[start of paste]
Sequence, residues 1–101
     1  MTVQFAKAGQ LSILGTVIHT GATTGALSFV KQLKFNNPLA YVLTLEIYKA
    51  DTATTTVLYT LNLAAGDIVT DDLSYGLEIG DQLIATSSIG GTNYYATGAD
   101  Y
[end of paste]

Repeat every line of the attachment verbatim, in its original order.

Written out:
Sequence, residues 1–101
     1  MTVQFAKAGQ LSILGTVIHT GATTGALSFV KQLKFNNPLA YVLTLEIYKA
    51  DTATTTVLYT LNLAAGDIVT DDLSYGLEIG DQLIATSSIG GTNYYATGAD
   101  Y